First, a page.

Anyone who's dived can tell you that shoals are a very effective defence. They work because a load of individual fish band together in a huge collective, swirling around, so anything targeting them doesn't know where to even start and just gives up in confusion.
Much like approaching how law and rugby interact in Europe at the moment.
Just to give a hint of the issues raised by the Heineken Cup mess at the moment, we have:
Company Law - duties of directors. Peter Wheeler of Leicester is a director of ERC Limited, the company running the Heineken Cup. He's also a director of PRL Limited, the company who are now, if we are to take their policies and statements at face value, not just trying to remove ERC's main asset but shut ERC down. Can one square a fiduciary duty as director to both?
Choice of Laws - the HEC Participation Agreement runs (or certainly ran) under Irish law. Disputes between Unions and the IRB run under English Law in the English Courts, under IRB Bye-Law 11, as a binding contract under IRB Bye-Law 7. The Unions undertake to bind all their members to the same agreement under Bye Law 7. So, if it comes to litigation about the IRB regulations under an Irish law contract involving the interpretation of those regulations under English Law, where is it heard?
Contract Law - far, far too much of this; interpretation of contract, interpretation of rules under those contract like the IRB Regulations restricting sale of broadcasting rights (Regulation 13.2, and 13.3), and cross-border tournaments (Regulation 16.2.7), get-out clauses, exemptions, and so many more. And the Contract (Rights of Third Parties) Act 1999 floating in the background, a piece of UK legislation allowing those not party to a contract to have it enforced that could cause all sorts of fun and games if things fall out right.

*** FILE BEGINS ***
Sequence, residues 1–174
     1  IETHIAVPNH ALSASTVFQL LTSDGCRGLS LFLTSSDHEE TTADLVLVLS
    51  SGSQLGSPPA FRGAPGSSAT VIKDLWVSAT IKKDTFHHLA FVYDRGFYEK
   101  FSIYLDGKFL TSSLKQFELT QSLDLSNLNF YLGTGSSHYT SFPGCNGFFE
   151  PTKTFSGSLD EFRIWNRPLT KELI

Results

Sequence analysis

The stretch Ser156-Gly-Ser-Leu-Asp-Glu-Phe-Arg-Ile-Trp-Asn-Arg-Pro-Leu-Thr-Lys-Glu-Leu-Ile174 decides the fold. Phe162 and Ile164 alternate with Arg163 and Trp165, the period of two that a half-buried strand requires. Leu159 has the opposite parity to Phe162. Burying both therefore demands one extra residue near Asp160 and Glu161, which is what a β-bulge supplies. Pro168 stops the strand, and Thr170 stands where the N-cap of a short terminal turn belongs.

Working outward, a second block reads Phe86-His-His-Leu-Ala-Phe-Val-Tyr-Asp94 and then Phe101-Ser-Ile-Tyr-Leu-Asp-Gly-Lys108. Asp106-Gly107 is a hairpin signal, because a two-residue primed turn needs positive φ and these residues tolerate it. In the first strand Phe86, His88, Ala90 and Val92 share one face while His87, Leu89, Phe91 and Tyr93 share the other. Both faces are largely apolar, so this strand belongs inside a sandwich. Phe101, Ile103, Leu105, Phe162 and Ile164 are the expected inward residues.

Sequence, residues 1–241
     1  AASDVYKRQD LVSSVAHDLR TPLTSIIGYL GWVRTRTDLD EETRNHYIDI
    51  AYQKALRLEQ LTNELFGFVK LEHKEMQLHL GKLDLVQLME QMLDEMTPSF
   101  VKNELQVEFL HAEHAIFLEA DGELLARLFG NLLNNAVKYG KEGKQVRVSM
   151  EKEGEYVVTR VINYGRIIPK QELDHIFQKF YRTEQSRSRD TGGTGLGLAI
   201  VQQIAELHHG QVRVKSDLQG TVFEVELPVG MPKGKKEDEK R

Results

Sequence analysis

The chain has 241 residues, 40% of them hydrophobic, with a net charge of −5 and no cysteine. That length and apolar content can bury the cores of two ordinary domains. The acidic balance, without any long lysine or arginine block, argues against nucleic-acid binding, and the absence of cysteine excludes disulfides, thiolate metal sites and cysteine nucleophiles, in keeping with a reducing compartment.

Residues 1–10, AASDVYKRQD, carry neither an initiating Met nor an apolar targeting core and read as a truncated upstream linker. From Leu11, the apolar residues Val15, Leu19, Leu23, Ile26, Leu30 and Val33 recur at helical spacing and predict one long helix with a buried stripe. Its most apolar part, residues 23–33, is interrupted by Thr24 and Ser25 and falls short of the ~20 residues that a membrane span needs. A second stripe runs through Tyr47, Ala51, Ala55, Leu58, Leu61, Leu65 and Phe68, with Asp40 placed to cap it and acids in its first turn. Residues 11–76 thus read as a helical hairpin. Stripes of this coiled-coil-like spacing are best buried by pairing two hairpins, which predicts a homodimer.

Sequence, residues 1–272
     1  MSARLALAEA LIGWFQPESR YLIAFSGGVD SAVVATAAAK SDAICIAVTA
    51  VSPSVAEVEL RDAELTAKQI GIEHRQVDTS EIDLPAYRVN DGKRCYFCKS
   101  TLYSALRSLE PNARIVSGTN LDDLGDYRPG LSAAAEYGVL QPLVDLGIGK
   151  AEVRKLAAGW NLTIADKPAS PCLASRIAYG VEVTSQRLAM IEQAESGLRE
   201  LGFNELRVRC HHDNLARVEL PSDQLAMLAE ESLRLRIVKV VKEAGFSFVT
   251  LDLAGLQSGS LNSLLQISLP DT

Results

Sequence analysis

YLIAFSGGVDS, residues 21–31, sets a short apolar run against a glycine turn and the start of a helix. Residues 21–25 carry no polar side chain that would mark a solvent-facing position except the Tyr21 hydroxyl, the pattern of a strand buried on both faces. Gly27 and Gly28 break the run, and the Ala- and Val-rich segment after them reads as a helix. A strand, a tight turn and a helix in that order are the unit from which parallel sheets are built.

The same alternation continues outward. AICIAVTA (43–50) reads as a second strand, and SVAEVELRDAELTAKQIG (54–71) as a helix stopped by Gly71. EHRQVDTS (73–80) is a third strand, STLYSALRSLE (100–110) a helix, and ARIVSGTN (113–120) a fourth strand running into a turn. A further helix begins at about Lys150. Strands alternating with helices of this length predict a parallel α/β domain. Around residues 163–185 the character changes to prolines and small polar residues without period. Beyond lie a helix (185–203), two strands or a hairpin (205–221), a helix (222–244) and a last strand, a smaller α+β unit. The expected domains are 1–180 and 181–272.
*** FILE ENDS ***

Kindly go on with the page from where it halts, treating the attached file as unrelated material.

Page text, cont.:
Tort - possibly interference with business relations, and inducement to break a contract (and one can be assured there are many more such of which we have heard nothing).
EU Law - Competition law, obviously, such as in the London Welsh decision. And enforcement of judgements, and the possibility of injunctions being enforced in other EU states.
And Sports Law itself, with the question of review by the Courts of the decisions of sporting governing bodies.
And all this just a flavour. Never before have the contents of the IRB Handbook been of such interest to so many.
Because the fate of Northern Hemisphere rugby may well be decided by Sports Law. It has become a huge element in other sports; now rugby is facing up to it. Whatever happens, the days of muddling through are drawing to an end.